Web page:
Monday, February 5, 2018

Emma Gerstein

Emma Gerstein's Moscow Memories:  Memories of Anna Akhmatova, Osip Mandelstam, and Literary Russia under Russia is an invaluable resource.  It imitate portrayal of the intelligentsia in the age of Stalin allows readers to understand that intellectual and creative work continued even in the midst of authoritarian terror. Although Gerstein was a serious scholar of Lermotov, her memoirs--as the subtitle implies--are particularly interesting insofar as they offered additional or even alternative descriptions of two of Russia's greatest modern poets:  Akhmatova and Mandelstam.

In Gerstein's account, Mandelstam emerges as a deeply flawed human being whose nervous disposition often made life difficult for friends and family.  Gerstein's depiction of Mandelstam's wife is even more caustic, with Nadezdha Mandelstam emerging as a relatively selfish champion of her brilliant husband.  Gerstein's worst complaint of the couple is related to the claim that Mandelstam evidently offered up Gerstein's name in at least on interrogation by the secret police.  According to Gerstein, Nadezhda justified the action on the grounds that her name was already compromised.  Nevertheless, Gerstein was rightly hurt that she was delivered so nonchalantly after years of aiding the two.

In the end, one believes Gerstein, not only because she seems to be a singularly honest memoirist, who constantly testifies to her own moral failings, but also because it's easy to believe that a great poet would have found it difficult to live in Soviet Russia without resorting to petulance, selfishness, moral compromise, and self-pity.  Authoritarian pressure on free intellectual discourse made life for sensitive souls all but impossible. Gerstein's take on Nadezdha in particular is easy to credit, largely because unfettered moral genius probably always has its downside, including insensitivity to men and women who fail to live up to unusually high ethical standards.  One thinks of Alexander Solzhenitsyn, who bravely opposed Soviet totalitarianism for decades, but then failed to interrogate his own self-serving nationalism in the final years of his life.  In the end, there is room to believe both Gerstein and Nadezdha.  For if Nadezdha had not been the sort of woman who could occasionally ignore the legitimate complaints of friends, neither would she have been the sort of woman who could have single-handedly defended the legacy of her husband against the false and egregiously immoral demands of Soviet elites.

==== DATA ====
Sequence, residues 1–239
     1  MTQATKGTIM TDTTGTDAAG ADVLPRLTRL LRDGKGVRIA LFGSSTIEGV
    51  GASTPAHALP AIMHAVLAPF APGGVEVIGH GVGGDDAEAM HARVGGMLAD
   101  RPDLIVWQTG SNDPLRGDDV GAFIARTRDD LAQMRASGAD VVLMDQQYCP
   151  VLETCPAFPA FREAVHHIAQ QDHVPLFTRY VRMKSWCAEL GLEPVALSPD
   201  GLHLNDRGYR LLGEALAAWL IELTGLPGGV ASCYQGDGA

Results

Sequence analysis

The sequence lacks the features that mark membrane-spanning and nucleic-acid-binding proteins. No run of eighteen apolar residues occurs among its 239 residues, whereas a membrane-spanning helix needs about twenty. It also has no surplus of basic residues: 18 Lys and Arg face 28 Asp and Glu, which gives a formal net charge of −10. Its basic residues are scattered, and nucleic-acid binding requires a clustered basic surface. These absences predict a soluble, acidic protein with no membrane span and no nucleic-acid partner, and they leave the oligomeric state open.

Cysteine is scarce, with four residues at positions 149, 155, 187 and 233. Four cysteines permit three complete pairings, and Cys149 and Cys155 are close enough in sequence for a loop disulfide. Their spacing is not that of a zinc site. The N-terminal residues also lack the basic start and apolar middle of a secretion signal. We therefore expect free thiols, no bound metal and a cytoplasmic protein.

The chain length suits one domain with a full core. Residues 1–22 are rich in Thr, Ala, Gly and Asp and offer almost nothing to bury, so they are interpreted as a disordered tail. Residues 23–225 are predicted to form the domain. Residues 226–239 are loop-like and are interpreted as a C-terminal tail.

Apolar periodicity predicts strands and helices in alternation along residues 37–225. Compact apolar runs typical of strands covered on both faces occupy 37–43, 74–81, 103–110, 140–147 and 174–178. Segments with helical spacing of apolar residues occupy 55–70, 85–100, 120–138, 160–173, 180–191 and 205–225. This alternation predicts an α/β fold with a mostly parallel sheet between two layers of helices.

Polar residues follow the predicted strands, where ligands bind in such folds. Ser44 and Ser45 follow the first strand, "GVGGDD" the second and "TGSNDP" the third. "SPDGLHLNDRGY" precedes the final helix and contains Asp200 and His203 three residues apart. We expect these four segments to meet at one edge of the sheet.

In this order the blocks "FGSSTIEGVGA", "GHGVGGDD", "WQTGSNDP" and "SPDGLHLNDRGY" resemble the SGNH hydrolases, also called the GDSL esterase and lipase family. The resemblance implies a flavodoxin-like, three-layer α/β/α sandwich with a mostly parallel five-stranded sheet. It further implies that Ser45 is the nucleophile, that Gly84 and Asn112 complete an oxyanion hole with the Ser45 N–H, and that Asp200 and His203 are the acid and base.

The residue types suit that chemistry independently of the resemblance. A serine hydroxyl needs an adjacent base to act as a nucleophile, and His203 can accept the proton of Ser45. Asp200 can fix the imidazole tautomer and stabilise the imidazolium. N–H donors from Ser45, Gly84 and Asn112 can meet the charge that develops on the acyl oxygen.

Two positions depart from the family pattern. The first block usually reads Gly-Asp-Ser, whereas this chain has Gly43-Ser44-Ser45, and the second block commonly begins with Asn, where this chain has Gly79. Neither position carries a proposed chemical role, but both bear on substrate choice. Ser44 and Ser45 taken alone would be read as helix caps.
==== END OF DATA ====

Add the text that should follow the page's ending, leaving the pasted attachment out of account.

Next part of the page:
In contrast to the chapters on Mandelstam, Gerstein's account of her friend, Akhmatova, is almost entirely positive. Gerstein clearly admired the dignified fortitude of her long-suffering friend. In particular, she defends the poet against the accusations of her son, Lev Gumilev, with whom Gerstein had once been in love.  Gerstein's description Gumilev's relationship with his mother is probably the most fascinating aspect of Gerstein's memoirs. They explicate the elements of the myriad personal tragedy associated with Stalinism.  Gumilev, also son of the executed poet by the same name, was a genius in his own right, and someone incapable of accommodating his own behavior to the exigencies of authoritarianism. While Gumilev became an important Russian ethnographer, he was ultimately severed from his mother by his horrendous experience in the labor campus.  With tenuous, surveillance-state communications between mother and son, Gumilev began to blame his mother for his condition, or at least blame her for not caring enough about his bitter fate.  Gerstein was a front line witness to this personal catastrophe.

Of course, Gerstein's memoirs demonstrate that intellectual life continued even in the midst of Stalinism.  For instance, Gerstein's acquaintance, the brilliant Yury Tynyanov somehow managed to write the extremely well-researched and sensitive book, Young Pushkin, between 1935 and 1943.  Nevertheless, Gerstein's description of everyday life under Stalin reminds readers of the creeping terror of those years, since so many of her acquaintance of her casual acquaintances end off dead, and not merely as a result of the brutal Nazi invasion.

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